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On a hot June day in a construction area near Goldthwaite, Texas, a man was excavating a site with a bulldozer and accidentally dug into a den containing a mother bobcat and her two kittens. The mother and one kitten were killed instantly while the second survived. The heartbroken man immediately scooped up the little kitten and wrapped him in a jacket to carry home. The poor little thing still had his eyes closed and umbilical cord attached.
Once home, his wife placed the little kitten alongside their pet Chihuahua who had just given birth, and the kitten started nursing. For the next few months, the kitten grew and developed a strong bond with the couple, their two small children, and their dogs. He was weaned onto dry dog food, slept in the bed with the children, and learned to use a litter box. For a while, all seemed to be happy in the household until the kitten started to show signs of illness. He wasn't putting on weight, developed severe diarrhea, and became lethargic.
Unfortunately, the vet the couple contacted for help would not treat the bobcat because he was not licensed to work with wildlife. Soon the couple found their way to me. I agreed to take in the bobcat, get him treatment, and prepare him for release back into the wild.
The little thing should have weighed around 10 lbs, but came in at 3 lbs. He was literally skin draped over bones. He was so weak that the only time he became active was to go to the litter box. I had a stool sample analyzed and learned that he had Giardia. Giardia is an intestinal parasite found on contaminated food, water, feces, and soil. The sick bobcat was immediately placed on a treatment program, and within 2 days, the diarrhea was gone.
The bobcat was so hungry for fresh meat that, when a package of chicken was placed on the kitchen counter, he tried to eat it, plastic and all. He ate almost an entire chicken the third day he was with me. As his appetite soared, so did his weight. Today he weighs in at a healthy 25 lbs and gaining.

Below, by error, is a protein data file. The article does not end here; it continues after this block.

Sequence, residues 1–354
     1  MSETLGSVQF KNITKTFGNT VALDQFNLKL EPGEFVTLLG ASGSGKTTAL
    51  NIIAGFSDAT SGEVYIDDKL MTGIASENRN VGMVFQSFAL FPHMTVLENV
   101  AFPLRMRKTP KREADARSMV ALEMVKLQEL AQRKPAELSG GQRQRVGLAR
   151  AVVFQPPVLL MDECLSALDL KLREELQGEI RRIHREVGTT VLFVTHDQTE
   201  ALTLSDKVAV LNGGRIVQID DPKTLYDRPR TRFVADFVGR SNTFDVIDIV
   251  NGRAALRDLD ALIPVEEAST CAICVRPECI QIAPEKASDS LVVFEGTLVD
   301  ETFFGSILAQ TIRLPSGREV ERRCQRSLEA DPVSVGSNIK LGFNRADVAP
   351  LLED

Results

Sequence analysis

I believe a wild animal should be cared for only until it can be released, and for that reason, I never name animals. My husband and I simply referred to him as kitty. It quickly became apparent how severely imprinted on humans he really was. He would not eat on his own or hunt for food; he cried when our small dog left the room; and he cried and showed signs of distress when placed in a large crate or pen until he was released. He was not happy unless he could be around my husband, myself, and our dog.
I realized that he would never be able to return to the wild, and he would not fare well if placed in a caged sanctuary situation. I decided that I would keep him and allow him to become part of our family unit and use him in my wildlife education programs. I had him neutered and provided him with cat trees, scratching posts, toys and everything a cat could want. We decided his permanent name would become Kitty.
Today Kitty is 2 years old and never did I think that, when
I first looked into his eyes and said, "Hello kitty," that he would be with me forever. He eats about $10-$15 a day in meat and grows stronger daily. He has daily outings on a harness and leash in our backyard yet runs for the door if he hears a dog bark, a loud noise, or a car drive by. Kitty is an integral part of our family now and my education program.
I strongly disapprove of having any wildlife as a pet. The longer the animal is with humans, the stronger the attraction, a condition called imprinting. If I had not planned to use Kitty in my educational program, I would have placed him in a sanctuary. A word of advice: If you are in possession of a wild animal, please turn the animal over immediately to a licensed rehabilitator who will work for its eventual release back into the wild without stress and complications. Wild animals belong in the wild.
by Tonie Harrison